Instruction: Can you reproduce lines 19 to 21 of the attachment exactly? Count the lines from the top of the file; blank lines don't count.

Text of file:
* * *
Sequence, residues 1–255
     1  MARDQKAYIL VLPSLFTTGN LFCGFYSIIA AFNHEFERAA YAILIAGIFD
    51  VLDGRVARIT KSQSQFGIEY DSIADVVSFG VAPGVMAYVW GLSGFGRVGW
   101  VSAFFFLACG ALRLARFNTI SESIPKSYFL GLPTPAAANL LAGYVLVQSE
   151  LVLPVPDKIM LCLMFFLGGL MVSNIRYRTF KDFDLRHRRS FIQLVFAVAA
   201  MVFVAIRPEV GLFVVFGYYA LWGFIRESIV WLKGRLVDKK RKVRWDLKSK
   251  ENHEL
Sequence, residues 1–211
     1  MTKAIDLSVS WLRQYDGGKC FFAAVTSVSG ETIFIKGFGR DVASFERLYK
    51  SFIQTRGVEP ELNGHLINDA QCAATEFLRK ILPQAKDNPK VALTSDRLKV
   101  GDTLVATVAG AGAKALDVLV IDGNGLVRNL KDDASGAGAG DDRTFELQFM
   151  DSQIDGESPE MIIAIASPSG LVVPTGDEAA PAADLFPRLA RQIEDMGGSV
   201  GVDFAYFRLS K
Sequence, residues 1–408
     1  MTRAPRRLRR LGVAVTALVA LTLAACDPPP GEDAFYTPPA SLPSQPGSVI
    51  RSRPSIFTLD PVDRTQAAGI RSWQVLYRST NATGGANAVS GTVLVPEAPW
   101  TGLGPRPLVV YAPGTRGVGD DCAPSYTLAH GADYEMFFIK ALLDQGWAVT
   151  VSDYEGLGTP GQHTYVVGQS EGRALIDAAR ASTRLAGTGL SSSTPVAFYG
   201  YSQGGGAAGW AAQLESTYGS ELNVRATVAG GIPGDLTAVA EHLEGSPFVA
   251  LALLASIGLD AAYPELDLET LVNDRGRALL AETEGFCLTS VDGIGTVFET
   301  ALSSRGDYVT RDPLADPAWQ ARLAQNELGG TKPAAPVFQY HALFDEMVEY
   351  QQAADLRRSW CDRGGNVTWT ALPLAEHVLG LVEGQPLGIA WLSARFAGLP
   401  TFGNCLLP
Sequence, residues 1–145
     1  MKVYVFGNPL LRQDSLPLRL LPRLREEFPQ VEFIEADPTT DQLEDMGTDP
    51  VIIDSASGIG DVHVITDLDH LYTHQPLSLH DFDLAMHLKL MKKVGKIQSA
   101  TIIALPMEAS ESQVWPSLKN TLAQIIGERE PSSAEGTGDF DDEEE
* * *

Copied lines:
   201  YSQGGGAAGW AAQLESTYGS ELNVRATVAG GIPGDLTAVA EHLEGSPFVA
   251  LALLASIGLD AAYPELDLET LVNDRGRALL AETEGFCLTS VDGIGTVFET
   301  ALSSRGDYVT RDPLADPAWQ ARLAQNELGG TKPAAPVFQY HALFDEMVEY